My highlights from Volume 5:
Lumiya survived the Marvel era to have a more meaningful role in the Expanded Universe. She featured prominently in Legacy of the Force, a nine-part novel series by Aaron Allston, Karen Traviss and Troy Denning.
I Say Kazhyyyk, You Say Kashyyyk
Marvel Star Wars #91 provides the first comic book trip to the Wookiee home world of Kashyyyk (spelled with a z instead of an s by Marvel). I have long decried the scarcity of Wookiee stories in Star Wars lore so I am always grateful for them when they do spring up. Unfortunately, all is not well in the neighborhood. Wookiees, including members of Chewbacca's family, are being kidnapped by slave traders. Their leader is a mysterious figure with a really dumb name: Knife. He is the first contact for the Alliance from a new nemesis:
These punk rockers from another galaxy cause no end of trouble for the newly formed Alliance of Free Planets. Taking advantage of the power vacuum left by the Empire, while employing many of the minions of that deposed entity, the Nagai work to find a foothold in the galaxy. Their Spartan approach to life and warfare gains them a lot of enemies very quickly. But the Nagai story gets complicated when the Alliance discovers these pests are moving in on their turf because of an even less desirable culture, the piratesque Tof, who have followed them to the new hunting grounds. United by a common enemy, the Nagai and the Alliance look past their considerable differences and join forces to drive away the Tof. The Nagai story is one of forgiveness for the sake of the greater peace.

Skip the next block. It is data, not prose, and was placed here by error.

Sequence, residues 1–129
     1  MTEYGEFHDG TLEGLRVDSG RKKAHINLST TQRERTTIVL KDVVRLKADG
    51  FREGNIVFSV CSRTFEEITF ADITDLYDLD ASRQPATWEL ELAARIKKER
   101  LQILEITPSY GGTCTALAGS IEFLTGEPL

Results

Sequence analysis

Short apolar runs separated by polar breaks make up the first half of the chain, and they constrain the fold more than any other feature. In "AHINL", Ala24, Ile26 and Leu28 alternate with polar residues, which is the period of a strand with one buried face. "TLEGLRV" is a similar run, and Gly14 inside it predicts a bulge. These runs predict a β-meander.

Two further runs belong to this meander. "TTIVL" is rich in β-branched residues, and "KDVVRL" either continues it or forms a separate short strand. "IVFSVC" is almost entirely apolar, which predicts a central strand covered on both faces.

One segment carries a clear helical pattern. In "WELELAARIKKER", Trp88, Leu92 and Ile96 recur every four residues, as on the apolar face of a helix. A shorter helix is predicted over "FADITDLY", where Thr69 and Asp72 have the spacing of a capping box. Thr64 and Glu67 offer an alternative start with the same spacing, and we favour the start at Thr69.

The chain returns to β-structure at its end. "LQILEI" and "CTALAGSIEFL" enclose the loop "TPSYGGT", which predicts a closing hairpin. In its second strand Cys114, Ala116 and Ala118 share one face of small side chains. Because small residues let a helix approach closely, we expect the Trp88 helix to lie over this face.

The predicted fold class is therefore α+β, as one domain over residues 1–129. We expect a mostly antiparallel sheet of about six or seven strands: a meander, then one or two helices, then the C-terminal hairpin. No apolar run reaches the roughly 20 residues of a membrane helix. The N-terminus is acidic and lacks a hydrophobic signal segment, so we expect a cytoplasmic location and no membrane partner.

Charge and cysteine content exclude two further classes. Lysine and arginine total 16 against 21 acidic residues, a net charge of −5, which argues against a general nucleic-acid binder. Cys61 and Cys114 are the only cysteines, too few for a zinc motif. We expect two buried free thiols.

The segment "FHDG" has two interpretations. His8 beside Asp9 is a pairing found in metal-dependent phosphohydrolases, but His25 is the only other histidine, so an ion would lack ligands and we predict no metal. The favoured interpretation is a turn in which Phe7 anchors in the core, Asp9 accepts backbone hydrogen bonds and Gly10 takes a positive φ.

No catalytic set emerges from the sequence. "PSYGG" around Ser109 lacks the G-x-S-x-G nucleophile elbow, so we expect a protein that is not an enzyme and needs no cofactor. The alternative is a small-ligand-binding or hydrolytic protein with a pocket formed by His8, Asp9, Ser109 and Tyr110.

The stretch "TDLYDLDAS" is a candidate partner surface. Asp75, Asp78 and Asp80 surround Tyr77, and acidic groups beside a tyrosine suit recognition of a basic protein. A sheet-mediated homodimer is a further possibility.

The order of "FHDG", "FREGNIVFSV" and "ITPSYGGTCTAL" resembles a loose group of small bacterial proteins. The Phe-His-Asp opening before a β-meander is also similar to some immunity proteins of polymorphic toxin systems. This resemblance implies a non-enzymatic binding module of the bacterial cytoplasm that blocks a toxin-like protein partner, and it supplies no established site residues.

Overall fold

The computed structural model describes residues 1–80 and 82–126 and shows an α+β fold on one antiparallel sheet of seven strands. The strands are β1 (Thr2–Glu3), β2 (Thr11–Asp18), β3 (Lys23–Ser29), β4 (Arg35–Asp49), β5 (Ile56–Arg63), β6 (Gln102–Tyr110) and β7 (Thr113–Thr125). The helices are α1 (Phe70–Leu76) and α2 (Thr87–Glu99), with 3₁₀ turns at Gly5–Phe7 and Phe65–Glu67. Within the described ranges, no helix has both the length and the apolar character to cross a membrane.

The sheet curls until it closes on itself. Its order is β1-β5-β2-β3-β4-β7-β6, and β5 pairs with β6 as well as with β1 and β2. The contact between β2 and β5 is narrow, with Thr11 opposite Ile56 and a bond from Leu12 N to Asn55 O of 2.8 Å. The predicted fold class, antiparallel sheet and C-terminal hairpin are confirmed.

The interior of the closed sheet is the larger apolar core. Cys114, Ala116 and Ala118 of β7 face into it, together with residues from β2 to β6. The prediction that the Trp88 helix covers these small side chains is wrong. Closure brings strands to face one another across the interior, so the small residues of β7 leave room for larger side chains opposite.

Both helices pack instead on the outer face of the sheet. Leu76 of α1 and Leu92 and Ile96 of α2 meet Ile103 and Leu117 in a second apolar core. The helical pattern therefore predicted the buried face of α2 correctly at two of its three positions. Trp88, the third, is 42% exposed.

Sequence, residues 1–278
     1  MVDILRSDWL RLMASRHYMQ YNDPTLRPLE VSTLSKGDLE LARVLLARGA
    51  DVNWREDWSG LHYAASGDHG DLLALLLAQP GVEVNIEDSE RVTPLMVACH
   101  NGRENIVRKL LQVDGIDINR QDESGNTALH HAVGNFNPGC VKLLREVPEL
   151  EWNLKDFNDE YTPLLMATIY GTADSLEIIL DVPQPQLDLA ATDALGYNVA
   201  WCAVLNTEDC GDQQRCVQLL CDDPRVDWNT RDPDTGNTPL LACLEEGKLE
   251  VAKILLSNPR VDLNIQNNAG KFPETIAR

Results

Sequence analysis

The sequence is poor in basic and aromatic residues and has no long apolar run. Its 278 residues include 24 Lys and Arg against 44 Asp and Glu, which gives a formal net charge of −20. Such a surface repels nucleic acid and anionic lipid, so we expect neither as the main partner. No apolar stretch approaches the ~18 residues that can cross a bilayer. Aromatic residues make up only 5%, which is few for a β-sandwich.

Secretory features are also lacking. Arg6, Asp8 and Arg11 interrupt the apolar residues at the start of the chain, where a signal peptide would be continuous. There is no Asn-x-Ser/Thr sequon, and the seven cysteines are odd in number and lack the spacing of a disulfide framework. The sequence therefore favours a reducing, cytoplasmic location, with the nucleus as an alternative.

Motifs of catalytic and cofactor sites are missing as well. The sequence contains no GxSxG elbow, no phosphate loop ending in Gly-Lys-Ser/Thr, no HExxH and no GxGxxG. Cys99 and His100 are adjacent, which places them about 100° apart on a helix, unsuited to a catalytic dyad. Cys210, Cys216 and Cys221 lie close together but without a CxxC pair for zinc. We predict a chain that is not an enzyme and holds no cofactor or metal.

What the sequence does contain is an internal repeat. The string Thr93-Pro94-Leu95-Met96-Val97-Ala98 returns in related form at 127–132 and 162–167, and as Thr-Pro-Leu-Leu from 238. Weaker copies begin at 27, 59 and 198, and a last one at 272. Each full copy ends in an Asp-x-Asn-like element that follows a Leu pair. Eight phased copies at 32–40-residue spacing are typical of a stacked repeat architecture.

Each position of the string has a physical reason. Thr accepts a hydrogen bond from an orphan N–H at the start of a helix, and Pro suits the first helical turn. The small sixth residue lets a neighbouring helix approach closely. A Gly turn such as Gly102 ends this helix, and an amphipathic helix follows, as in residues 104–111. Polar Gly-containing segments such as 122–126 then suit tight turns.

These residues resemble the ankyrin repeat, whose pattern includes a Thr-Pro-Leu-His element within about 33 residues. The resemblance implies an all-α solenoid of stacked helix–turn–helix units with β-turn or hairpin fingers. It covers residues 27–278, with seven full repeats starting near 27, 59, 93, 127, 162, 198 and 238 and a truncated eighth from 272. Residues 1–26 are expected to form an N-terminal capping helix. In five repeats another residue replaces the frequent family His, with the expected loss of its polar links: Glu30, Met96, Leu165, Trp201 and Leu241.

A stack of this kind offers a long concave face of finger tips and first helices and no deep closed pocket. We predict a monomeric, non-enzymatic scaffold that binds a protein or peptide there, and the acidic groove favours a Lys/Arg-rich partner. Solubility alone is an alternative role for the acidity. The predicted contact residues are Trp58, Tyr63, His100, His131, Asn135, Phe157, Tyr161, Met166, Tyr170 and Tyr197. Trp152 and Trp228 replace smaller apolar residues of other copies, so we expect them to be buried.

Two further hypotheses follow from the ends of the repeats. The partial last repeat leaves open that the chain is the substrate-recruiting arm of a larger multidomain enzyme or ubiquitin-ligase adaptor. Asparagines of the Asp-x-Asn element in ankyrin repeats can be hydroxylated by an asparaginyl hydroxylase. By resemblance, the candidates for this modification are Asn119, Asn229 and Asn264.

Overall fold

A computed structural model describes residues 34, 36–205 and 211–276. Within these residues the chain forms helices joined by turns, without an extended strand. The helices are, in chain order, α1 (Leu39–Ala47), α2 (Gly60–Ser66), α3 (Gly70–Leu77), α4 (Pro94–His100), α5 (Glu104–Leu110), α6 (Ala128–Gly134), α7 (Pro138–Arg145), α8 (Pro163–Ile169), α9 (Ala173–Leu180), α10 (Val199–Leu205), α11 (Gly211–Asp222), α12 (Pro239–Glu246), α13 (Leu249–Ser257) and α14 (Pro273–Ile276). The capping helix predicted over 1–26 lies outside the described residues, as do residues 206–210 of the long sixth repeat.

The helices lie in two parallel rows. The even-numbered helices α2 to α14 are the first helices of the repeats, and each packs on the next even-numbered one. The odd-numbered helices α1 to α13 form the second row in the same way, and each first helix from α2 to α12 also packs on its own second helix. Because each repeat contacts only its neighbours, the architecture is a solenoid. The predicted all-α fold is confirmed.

As discussed in previous posts, the Marvel comics are low canon in the Star Wars Expanded Universe. Given very little to go on by the Lucas people, the comic artists had to create stories of their own. As a result, the Marvel creators built a fairly well-contained universe. Some of their creations, such as Lumiya and the Nagai, turned up in later higher-canon work but most did not. As a fan of the franchise, I am glad to have read them and will seek out the Ewoks and Droids series if only for the sake of thoroughness. I also look forward to exploring the numerous Dark Horse series as well, those being a higher canon level than the Marvels.